Mitsubishi L200 Barbarian X

    Perhaps it was Volkswagen who started it, with their Amarok. Or was it Mercedes Benz with the X-Class?  Then again, the Americans have been doing it for far, far longer. But they would, wouldn’t they? It’s just so typical of them. 

   I’m talking of course about the plush pick-up truck. Surely you remember The Fall Guy’s GMC wideside?

  Dubious early ‘80s TV nostalgia aside, there’s now no getting away from the fact that humble pick-up truck has morphed into something that’s no longer used just for work. Everyone from the Sunday morning mountain-bikers to the school-run mum seems to drive them these days. Well, they do around here at least.

   And if you too are the type that likes, or perhaps actually needs, a vehicle capable of not only mixing business with pleasure, but also one that should the going get really tough, can get you well and truly out of trouble whilst simultaneously carrying all the family, then you’re no-doubt already aware of Mitsubishi’s perennial L200. It’s has been around for well over 30 years and these days accounts for one-third of all Mitsubishi sales in the UK.

   Now in its sixth generation the new L200 sticks with the now familiar double-cab or club-cab option set upon a separate chassis. Once again there’s rear-wheel drive with a leaf sprung live-axle, plus a double-wishbone front suspension set-up just like before. Needless to say, there’s selectable four-wheel drive with high and low ratios and lockable differentials too – handy when you’re running the little darlings to piano class no-doubt – and handier still for any off-road duties.

    The difference is everything’s now been all wrapped-up in far more sharply creased and significantly more stylish bodywork. The L200’s new nose now incorporates the new-generation “Dynamic Shield” front design concept as seen on the ASX and Outlander. The bonnet line has been lifted and beefier-looking lamps, also located higher up, plus tougher looking squared-off wheel arches help give the new model a far more powerful and imposing appearance than that of the all-the-more softer looking outgoing one.

   Mechanically things have also changed. In a bid to cut emissions and increase economy, Mitsubishi have ditched the old 2.4 litre diesel and replaced it with a new all-alloy 2268cc, 148bhp unit. Power, surprisingly, is down – the new motor produces 148bhp, 30 fewer than its forebear – but the torque available, all 295lbft of it, is now available at lower revs. The new motor is quieter too - when cruising that is. A four cylinder diesel engine in something capable of carrying a just over a tonne and towing another 3.5 is never going to be anything less than “quite vocal” when really asked to earn its keep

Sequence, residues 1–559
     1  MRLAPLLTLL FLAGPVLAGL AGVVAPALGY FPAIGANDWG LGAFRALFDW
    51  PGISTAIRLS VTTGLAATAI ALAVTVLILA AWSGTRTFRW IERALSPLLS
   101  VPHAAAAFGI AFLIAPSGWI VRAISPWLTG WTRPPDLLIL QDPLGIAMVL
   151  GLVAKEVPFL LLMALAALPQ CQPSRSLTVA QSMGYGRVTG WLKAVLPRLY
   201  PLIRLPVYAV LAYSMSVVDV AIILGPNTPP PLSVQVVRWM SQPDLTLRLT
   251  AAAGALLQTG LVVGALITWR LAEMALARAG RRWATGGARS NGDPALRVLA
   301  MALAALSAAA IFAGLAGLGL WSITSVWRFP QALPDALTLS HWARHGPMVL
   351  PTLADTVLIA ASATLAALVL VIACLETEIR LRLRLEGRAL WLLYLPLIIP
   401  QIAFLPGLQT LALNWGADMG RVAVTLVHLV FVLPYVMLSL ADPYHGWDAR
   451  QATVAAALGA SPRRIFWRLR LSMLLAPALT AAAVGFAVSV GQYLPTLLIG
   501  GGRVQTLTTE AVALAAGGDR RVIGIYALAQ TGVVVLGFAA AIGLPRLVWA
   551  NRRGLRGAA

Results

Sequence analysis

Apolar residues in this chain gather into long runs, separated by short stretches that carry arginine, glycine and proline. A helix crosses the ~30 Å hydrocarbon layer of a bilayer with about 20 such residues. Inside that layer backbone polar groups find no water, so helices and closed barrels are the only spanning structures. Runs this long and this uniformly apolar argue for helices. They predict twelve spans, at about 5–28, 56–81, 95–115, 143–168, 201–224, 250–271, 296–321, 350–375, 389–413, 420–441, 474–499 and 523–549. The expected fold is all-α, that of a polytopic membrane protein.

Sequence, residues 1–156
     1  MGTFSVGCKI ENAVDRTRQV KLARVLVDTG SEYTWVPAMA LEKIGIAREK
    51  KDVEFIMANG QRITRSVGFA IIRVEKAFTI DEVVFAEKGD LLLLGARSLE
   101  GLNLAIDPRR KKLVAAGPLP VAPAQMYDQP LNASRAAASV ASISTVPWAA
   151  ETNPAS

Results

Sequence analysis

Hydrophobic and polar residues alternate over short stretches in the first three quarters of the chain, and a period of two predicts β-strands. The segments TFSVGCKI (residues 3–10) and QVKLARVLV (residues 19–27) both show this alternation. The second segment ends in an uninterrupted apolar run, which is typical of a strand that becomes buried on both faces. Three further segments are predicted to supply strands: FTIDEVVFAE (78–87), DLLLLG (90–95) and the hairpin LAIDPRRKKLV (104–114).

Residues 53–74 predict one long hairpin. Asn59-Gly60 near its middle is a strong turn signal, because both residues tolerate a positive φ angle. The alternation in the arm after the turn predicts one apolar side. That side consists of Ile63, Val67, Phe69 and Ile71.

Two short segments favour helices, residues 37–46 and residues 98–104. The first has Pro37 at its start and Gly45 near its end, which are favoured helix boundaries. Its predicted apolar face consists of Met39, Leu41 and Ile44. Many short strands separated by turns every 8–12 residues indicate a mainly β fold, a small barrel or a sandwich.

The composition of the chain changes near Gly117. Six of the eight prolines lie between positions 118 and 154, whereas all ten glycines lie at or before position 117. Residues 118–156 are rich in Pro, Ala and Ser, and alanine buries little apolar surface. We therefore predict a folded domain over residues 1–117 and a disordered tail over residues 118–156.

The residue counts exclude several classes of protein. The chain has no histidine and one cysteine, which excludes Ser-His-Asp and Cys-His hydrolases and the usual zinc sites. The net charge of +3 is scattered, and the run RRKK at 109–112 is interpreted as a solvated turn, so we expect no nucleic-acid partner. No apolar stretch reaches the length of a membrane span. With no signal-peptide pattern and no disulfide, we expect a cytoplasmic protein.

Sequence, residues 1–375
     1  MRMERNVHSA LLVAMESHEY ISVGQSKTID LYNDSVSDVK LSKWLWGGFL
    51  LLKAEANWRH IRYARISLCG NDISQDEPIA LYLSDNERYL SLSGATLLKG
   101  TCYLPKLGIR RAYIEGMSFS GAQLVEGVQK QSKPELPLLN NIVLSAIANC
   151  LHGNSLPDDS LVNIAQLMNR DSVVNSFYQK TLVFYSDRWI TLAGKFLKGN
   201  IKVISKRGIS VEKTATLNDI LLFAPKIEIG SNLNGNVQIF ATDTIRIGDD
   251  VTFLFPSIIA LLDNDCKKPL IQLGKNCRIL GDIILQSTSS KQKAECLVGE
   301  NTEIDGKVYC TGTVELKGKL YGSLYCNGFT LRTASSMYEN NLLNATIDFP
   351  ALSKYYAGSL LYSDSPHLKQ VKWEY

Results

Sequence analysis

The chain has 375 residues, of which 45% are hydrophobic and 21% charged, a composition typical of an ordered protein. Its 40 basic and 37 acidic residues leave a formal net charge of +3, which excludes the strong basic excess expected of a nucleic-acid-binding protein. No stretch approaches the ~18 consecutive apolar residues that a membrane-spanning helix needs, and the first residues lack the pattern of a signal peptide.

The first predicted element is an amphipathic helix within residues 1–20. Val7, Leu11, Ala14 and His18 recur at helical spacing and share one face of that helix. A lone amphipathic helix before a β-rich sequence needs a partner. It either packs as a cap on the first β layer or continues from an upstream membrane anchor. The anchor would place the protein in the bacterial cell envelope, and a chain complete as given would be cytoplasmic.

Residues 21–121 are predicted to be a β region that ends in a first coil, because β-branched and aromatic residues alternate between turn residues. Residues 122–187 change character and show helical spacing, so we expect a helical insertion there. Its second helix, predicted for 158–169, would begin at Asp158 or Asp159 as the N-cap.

And that perhaps leads us on to overall refinement. While there’s no reason to feel short-changed when it comes to home comforts – in Barbarian X spec as tested the L200 packs Bluetooth, dual zone climate-control, touchscreen DAB with Apple CarPlay. 7 airbags and in this case “six-pack” heated velour seats. Plus there’s a very handy 360 degree reversing camera system and of course an elevated driving position and huge door mirrors that afford near cinematic views both fore and aft, But, the L200 is very much a working tool first and a family run-around second.

    On bumpy B-road, that leaf-sprung rear, when un-laden, sends shimmies and shudders throughout the L200’s hard-plastic lined cabin.  And although the stability and traction control systems can brake individual wheels to prevent either understeer or oversteer, whilst at the same time diverting power to the driven wheels with most grip, the L200’s steering, although now more direct than it once was, is still quite vague. You don’t so much steer this pick-up as coax it – and with many a turn of the wheel; it’s not exactly the easiest thing to manoeuvre around the supermarket carpark either. And without a load-cover, where exactly does one store one’s weekly shop on the way home?

     So then, as with all so-called premium pick-ups the L200 represents more of compromise than it does a solution. It’s tough and it’ll go anywhere, but ultimately it still a bit rough around the edges. It’s is exactly what you’d expect a pick-up to be.

   But… The trump-card the L200 plays is that it’s cheaper than the aforementioned Amarok, and far cheaper than the X-Class. In such company it does feel somewhat unrefined, nevertheless if you prefer to live life to the full, rather than just lead a lifestyle at the weekends, the new L200 still proves itself pretty hard to beat.


Mitsubishi L200 Barbarian X Double Cab Diesel Auto 4WD.

Engine: 2,268cc four-cylinder 16v DOHC turbo-diesel

Transmission: 6 speed Automatic with selectable 4WD with high and low ratios and lockable differentials.

Power: 148 bhp @3,500rpm

Torque: 295 lb ft @2,250rpm

MPG: 36.2 (combined)

0-62MPH: 10.4 Sec

Max Speed: 106 mph

Pay Load: 1,075kg

Towing Capacity: 3,500kg (braked)

CO2: 206 g/km

VED: £260

Price: from £32,200


Many thanks to Amanda and Brian at Misubishi UK’s Press Office for the loan of the L200.



Liam Bird Liam Bird

I'm Liam Bird, a freelance Motoring Writer based in the South Shropshire Marches. I currently write car reviews and road tests for a number of regional lifestyle magazines and newspapers which are distributed throughout Cheshire, Herefordshire, Shropshire, Staffordshire, Worcestershire, most of Wales and beyond.

As a member of the Welsh Group of Motoring Writers I'm as happy behind the wheel of a super-mini as I am in the latest super-car. I have press accreditation with most of the major motor manufacturers, meaning that as well as always being on the look out for further commissions, I always have a number of cars arriving each month ready to review.

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